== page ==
On October 17, 2018, the Federal Circuit ruled that the Department of Veteran Affairs (“VA”) must give priority to veteran-owned small businesses (“VOSB”) when awarding contracts. PDS Consultants Inc. v. U.S., et al., Nos. 17-2379 and 17-2512, 2018 WL 5019735 (Fed. Cir. Oct. 17, 2018). At first blush, no one would argue with the foregoing statement. But, this mandate became less clear when the VA was faced with awarding a contract to a VOSB or following an otherwise mandatory requirement for all federal agencies to buy a specific list of items made by nonprofits employing the blind and significantly disabled.
Here is the source of confusion. More than 40 years ago, Congress enacted the Javits-Wagner-O’Day Act (“JWOD”), which required federal agencies to buy certain items and services from nonprofits that employ the blind or people with other significant disabilities. Today, this mandatory procurement policy is implemented through the AbilityOne program. In 2006, Congress passed the Veterans Benefits, Health Care, and Information Technology Act (“VBA”). As the U.S. Supreme Court stated in Kingdomware, the VBA made it mandatory in almost every procurement for the VA to follow the “Rule of Two.” The “Rule of Two” requires the VA to award a contract to a VOSB whenever at least two VOSBs can perform the work at a reasonable price.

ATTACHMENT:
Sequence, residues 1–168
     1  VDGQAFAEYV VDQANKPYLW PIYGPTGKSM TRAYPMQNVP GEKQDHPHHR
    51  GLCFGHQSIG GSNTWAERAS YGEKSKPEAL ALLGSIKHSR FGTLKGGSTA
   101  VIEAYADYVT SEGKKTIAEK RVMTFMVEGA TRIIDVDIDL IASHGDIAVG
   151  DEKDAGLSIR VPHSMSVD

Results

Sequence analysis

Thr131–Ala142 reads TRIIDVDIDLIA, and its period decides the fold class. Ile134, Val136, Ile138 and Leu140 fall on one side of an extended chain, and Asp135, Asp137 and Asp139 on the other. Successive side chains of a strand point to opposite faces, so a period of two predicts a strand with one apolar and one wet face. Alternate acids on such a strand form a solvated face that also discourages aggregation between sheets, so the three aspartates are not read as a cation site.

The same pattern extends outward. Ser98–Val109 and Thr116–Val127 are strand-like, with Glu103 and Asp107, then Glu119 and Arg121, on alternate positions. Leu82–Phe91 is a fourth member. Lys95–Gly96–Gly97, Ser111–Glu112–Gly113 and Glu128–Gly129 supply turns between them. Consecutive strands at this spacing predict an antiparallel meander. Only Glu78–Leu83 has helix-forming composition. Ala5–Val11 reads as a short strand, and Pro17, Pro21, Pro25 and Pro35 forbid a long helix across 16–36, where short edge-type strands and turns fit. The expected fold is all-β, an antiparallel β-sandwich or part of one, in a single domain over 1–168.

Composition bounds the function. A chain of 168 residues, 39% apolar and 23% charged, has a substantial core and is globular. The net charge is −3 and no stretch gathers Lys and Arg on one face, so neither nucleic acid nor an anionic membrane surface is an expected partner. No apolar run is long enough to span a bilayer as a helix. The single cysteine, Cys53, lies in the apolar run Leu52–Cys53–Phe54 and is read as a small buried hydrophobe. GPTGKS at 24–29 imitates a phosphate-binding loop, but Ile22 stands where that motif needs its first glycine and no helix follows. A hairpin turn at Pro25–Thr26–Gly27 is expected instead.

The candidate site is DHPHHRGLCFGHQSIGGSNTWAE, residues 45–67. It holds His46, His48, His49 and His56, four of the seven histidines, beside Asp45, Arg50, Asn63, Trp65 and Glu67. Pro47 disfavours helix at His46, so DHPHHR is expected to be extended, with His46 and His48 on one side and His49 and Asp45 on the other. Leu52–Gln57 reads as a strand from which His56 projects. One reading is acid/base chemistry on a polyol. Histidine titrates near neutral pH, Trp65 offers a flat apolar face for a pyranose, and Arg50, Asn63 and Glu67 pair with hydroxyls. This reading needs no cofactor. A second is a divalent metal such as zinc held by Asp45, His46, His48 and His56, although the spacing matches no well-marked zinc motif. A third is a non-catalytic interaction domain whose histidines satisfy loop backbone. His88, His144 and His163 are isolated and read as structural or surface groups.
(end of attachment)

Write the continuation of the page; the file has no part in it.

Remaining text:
In reaching its decision, the Federal Circuit relied on two basic rules of statutory interpretation. The first tenet is that a specific statute takes preference over a more general one. Based upon this tenet, the court found that the VBA trumped the JWOD. First, the VBA plainly states that its contracting preference for VOSBs takes priority over “any other provision of law.” Second, while “the JWOD applies to all agencies of the federal government, the VBA applies only to VA procurements and only when the Rule of Two is satisfied.” As a result, the court found that the VBA’s express and specific mandates “override the more general contracting requirements of the JWOD.”
The second statutory interpretation rule on which the court relied provides that, as between two statutes, the more recent statute takes preference over later-enacted statute. Thus, the 2006 VBA again trumped the 1971-enacted JWOD. The court also noted that Congress knows how to create exceptions to statutes and had done so for the AbilityOne program in a prior, similar statute. Here, however, Congress did not carve out an exception for the AbilityOne program from application of the VBA.
While this issue rarely came up, when it did, advocacy for VOSB and AbilityOne contractors was impassioned and vehement. Most contracting officers did not know which contractors took priority, which made things even murkier for prime contractors seeking guidance. The Federal Circuit has cleared up any confusion.